Some employees don’t take direction well. They ignore their supervisors’ orders and just do things the way they think is best. Then their supervisors have to listen to complaints from co-workers, customers and anyone else affected.
One approach turns such employees around: Insist that the employee sign on to a performance improvement plan. Require him to come up with goals and then outline how he will reach them. Tell him you want to meet regularly to assess progress.
If he refuses to cooperate, document that refusal. You can then safely terminate the employee for insubordination.
Recent case: Ray Lewis worked in IT at the University of Texas Medical Branch at Galveston. His supervisors got many complaints from the scientists for whom Lewis was tasked with providing IT services. Most complaints cited his poor attitude and refusal to grant access to portions of the computer system they needed.
Lewis, for his part, believed that he was right to limit their access under university security rules.
Lewis received a performance evaluation that criticized hisand judgment in dealing with the employees he served. His boss told him to prepare a performance improvement plan. Lewis dragged his feet.
When the supervisor set a final deadline, Lewis submitted a plan that essentially declared he would continue to do his job the way he saw fit and that he would continue to use his interpretation of university rules. The university fired Lewis for refusing to cooperate with his boss.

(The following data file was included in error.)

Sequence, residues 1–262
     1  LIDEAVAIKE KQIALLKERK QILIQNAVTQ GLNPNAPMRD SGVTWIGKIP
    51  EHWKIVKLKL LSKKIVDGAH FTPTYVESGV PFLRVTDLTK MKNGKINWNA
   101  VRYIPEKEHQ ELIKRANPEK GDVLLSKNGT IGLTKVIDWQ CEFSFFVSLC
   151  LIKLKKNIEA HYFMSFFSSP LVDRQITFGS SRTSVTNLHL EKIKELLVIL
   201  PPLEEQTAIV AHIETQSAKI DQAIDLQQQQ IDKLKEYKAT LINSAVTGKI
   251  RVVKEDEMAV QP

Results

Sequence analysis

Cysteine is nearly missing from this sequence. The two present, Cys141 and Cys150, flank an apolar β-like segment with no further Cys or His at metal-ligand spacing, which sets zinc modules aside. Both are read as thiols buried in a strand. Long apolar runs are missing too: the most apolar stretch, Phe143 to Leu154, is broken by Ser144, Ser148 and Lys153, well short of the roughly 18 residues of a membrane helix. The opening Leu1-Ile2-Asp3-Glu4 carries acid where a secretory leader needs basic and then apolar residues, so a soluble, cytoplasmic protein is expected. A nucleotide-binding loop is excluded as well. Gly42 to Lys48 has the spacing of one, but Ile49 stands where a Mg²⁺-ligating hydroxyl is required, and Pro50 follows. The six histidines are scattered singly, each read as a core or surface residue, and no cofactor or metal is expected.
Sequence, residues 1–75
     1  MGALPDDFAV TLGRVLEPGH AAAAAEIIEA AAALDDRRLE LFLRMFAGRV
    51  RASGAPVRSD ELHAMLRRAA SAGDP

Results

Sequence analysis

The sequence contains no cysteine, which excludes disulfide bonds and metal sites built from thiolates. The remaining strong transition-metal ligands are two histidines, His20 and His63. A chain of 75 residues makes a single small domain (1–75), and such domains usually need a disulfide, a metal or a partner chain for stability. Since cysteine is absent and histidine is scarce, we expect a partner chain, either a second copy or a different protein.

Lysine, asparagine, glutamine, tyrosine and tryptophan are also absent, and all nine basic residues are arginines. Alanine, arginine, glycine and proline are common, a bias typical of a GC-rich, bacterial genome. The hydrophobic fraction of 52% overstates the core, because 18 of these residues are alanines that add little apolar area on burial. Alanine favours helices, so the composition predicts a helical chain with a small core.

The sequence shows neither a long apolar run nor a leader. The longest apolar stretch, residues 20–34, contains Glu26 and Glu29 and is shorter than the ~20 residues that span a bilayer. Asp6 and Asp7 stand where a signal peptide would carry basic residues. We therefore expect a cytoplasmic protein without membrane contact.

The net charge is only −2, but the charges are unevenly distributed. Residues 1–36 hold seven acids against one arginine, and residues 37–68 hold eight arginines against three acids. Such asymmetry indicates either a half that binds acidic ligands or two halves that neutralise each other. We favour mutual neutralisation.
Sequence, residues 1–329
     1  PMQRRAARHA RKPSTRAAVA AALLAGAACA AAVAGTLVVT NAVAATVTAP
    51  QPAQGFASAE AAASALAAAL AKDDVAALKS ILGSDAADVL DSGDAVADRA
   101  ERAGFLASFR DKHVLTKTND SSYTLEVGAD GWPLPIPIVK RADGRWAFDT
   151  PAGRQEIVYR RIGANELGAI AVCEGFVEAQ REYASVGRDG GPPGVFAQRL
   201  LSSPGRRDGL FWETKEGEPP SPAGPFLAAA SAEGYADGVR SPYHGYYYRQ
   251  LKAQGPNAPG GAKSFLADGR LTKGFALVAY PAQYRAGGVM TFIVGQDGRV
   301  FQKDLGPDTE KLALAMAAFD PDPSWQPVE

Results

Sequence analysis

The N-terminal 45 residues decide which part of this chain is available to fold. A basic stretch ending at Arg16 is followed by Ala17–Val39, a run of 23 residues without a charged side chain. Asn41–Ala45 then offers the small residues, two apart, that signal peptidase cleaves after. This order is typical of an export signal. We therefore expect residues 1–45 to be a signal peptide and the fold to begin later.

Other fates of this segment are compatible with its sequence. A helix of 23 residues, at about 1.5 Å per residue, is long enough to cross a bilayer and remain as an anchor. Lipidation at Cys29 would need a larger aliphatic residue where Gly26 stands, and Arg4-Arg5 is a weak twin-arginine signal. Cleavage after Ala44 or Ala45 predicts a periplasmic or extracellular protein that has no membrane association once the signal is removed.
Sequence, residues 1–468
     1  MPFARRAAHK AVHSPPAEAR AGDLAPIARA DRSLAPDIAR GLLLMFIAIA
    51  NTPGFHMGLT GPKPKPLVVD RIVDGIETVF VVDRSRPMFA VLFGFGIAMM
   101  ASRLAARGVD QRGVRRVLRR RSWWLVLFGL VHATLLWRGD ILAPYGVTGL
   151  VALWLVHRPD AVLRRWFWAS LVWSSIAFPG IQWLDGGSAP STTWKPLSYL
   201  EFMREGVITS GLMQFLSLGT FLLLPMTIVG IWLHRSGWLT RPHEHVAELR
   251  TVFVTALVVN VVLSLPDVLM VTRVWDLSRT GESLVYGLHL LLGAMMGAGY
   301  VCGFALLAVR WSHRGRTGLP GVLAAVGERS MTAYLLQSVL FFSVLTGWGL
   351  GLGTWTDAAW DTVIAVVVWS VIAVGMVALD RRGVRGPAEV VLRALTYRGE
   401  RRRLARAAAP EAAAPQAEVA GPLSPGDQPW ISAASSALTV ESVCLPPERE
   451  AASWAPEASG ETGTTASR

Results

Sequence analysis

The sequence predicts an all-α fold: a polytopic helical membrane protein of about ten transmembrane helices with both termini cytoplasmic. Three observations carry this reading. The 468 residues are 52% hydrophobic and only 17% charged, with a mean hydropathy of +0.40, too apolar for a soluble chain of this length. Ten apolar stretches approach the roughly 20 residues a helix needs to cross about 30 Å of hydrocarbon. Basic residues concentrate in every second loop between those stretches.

He sued, alleging he had been fired from a public service job without due process.
The court didn’t buy his argument and instead concluded he had been terminated for refusing to cooperate with a supervisor’s work-related request. (Lewis v. University of Texas Medical Branch at Galveston, No. 11-40456, 5th Cir., 2011)
- With no explanation for firing, man files reverse-bias lawsuit
- OK to suspend employee who has been arrested if alleged violation would compromise safety
- Document misconduct probe, just in case of lawsuit
- Need to discipline employee? Prepare to back it up with contemporaneous records
- Good-faith treatment for all is good policy, and good protection against lawsuits, too